The coat is naturally straight flat and soft to the touch, never wiry or wavy. It is sufficiently dense to be waterproof, thornproof, and weatherproof. The back of the forelegs, the hind legs above the hocks, chest and underside of the body are moderately feathered. The ears and tail are lightly feathered. Coat so excessive as to be a hindrance in the field is to be discouraged. Obvious barbering is to be avoided as well.

HINDQUARTERS

The hindquarters must be strong, muscular, and well boned, but not coarse. When viewed in profile the thighs should be wide and the second thighs well developed. The angulation of the pelvis and femur corresponds to that of the shoulder and upper arm. Bend of stifle is moderate.

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welsh springer spaniel illustration

About the Welsh Springer Spaniel

Standing between 17 and 19 inches at the shoulder, Welshies are described by their fans as being of “handy size”: bigger and stronger than Cocker Spaniels but smaller than English Springers.

Welshies have two hallmarks that distinguish them from other spaniels: A uniquely tapered head and an eye-catching coat of bold red and white patterns. The beautiful coat isn’t just ornamental—it’s a waterproof, weatherproof, and thornproof suit that enables Welshies to show off their renowned versatility in all climates and on all terrains.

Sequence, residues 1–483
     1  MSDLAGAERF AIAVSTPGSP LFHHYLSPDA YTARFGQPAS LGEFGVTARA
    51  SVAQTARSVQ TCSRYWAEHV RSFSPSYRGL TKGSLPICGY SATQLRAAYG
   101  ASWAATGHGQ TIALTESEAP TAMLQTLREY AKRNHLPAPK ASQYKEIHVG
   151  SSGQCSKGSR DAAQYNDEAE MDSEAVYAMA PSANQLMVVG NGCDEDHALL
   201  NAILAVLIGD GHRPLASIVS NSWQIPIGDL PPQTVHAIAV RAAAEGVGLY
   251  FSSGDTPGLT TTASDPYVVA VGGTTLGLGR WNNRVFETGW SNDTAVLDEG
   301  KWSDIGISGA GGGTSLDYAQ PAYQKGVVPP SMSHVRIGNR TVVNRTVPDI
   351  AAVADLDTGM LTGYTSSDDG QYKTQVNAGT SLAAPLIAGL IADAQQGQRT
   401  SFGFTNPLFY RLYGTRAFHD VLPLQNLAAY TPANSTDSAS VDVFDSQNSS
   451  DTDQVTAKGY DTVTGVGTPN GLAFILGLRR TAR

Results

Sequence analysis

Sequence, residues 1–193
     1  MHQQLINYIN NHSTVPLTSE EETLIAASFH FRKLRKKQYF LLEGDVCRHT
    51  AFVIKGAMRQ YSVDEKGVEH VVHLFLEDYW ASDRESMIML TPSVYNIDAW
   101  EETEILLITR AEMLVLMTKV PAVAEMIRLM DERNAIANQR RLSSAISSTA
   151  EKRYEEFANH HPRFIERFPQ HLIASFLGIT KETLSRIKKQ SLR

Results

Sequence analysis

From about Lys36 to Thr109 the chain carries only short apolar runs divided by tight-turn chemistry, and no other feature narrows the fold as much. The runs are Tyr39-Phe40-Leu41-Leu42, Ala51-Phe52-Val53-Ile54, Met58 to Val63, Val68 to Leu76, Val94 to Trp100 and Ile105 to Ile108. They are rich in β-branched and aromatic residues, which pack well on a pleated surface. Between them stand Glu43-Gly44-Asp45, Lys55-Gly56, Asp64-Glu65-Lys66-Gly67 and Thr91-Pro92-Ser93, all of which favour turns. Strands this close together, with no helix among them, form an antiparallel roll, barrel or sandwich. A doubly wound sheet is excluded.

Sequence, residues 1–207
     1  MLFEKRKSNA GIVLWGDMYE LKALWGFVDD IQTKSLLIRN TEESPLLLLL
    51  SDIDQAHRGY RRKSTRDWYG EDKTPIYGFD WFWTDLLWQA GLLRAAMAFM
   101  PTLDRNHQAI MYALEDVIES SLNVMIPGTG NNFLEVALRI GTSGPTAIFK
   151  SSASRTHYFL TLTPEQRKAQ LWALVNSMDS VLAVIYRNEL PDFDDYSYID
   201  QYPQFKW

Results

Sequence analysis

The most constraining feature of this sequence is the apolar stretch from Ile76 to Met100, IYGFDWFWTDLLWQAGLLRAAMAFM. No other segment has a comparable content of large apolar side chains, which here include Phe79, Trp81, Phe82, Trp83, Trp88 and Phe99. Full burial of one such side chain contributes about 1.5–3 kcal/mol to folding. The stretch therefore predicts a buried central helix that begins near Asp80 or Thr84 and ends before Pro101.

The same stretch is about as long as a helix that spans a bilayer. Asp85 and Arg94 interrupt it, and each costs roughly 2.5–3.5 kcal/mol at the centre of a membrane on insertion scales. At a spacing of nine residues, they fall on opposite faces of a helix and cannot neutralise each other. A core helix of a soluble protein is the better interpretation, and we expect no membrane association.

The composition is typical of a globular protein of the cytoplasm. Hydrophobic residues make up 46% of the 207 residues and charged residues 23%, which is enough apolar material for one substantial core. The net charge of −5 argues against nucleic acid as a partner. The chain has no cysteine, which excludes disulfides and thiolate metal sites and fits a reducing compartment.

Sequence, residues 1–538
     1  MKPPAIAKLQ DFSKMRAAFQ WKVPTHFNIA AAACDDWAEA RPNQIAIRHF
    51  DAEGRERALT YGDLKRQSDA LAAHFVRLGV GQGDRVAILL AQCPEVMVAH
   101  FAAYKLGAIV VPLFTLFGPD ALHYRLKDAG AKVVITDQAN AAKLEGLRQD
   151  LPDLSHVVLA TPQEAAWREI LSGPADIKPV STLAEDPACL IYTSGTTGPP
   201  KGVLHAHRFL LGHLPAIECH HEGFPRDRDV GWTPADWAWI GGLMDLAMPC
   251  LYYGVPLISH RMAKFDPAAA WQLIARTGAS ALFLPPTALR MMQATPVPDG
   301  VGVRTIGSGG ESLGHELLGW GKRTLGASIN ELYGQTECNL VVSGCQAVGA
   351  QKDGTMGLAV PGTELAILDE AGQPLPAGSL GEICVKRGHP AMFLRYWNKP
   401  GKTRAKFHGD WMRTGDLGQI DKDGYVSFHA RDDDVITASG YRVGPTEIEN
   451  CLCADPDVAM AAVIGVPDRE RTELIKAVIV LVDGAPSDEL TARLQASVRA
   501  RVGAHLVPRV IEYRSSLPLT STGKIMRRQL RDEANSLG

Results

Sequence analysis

Breed Clubs and Rescue

Want to connect with other people who love the same breed as much as you do? We have plenty of opportunities to get involved in your local community, thanks to AKC Breed Clubs located in every state, and more than 450 AKC Rescue Network groups across the country.

Find a Puppy: Welsh Springer Spaniel

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Care

NUTRITION

The Welsh Springer Spaniel should be fed a high-quality dog food appropriate to the dog’s age (puppy, adult, or senior) and activity level. Treats can be an important aid in training, but giving too many can cause obesity. Give table scraps sparingly, if at all, especially avoiding cooked bones and foods with overly high fat content. Learn about which human foods are safe for dogs, and which are not. Check with your vet or the dog’s breeder if you have any questions or concerns about your dog’s weight or diet.

GROOMING

To keep his attractive red-and-white coat looking its best, the Welsh Springer Spaniel needs at least weekly grooming. A good once-over with a soft brush should work well for this, along with a slicker brush or metal dog comb to work apart any mats or tangles that are starting to form. The nails should be trimmed every three to four weeks, and a bath every month or so with a gentle shampoo meant for dogs will help to keep the coat and skin clean and healthy.

Grooming Frequency

Occasional Bath/Brush
Specialty/Professional
Weekly Brushing

EXERCISE

Welsh Springer Spaniels are active, energetic dogs who are happiest when they have plenty of exercise as well as lots of time with their people. Play-sessions with their family in a securely fenced yard or long daily walks with their owner work well. Interaction with their humans is the key to a happy Welshie. The breed is an excellent choice for those with an active lifestyle, as well as those looking for a loving family companion. Given the opportunity, these lovely spaniels will steal your heart.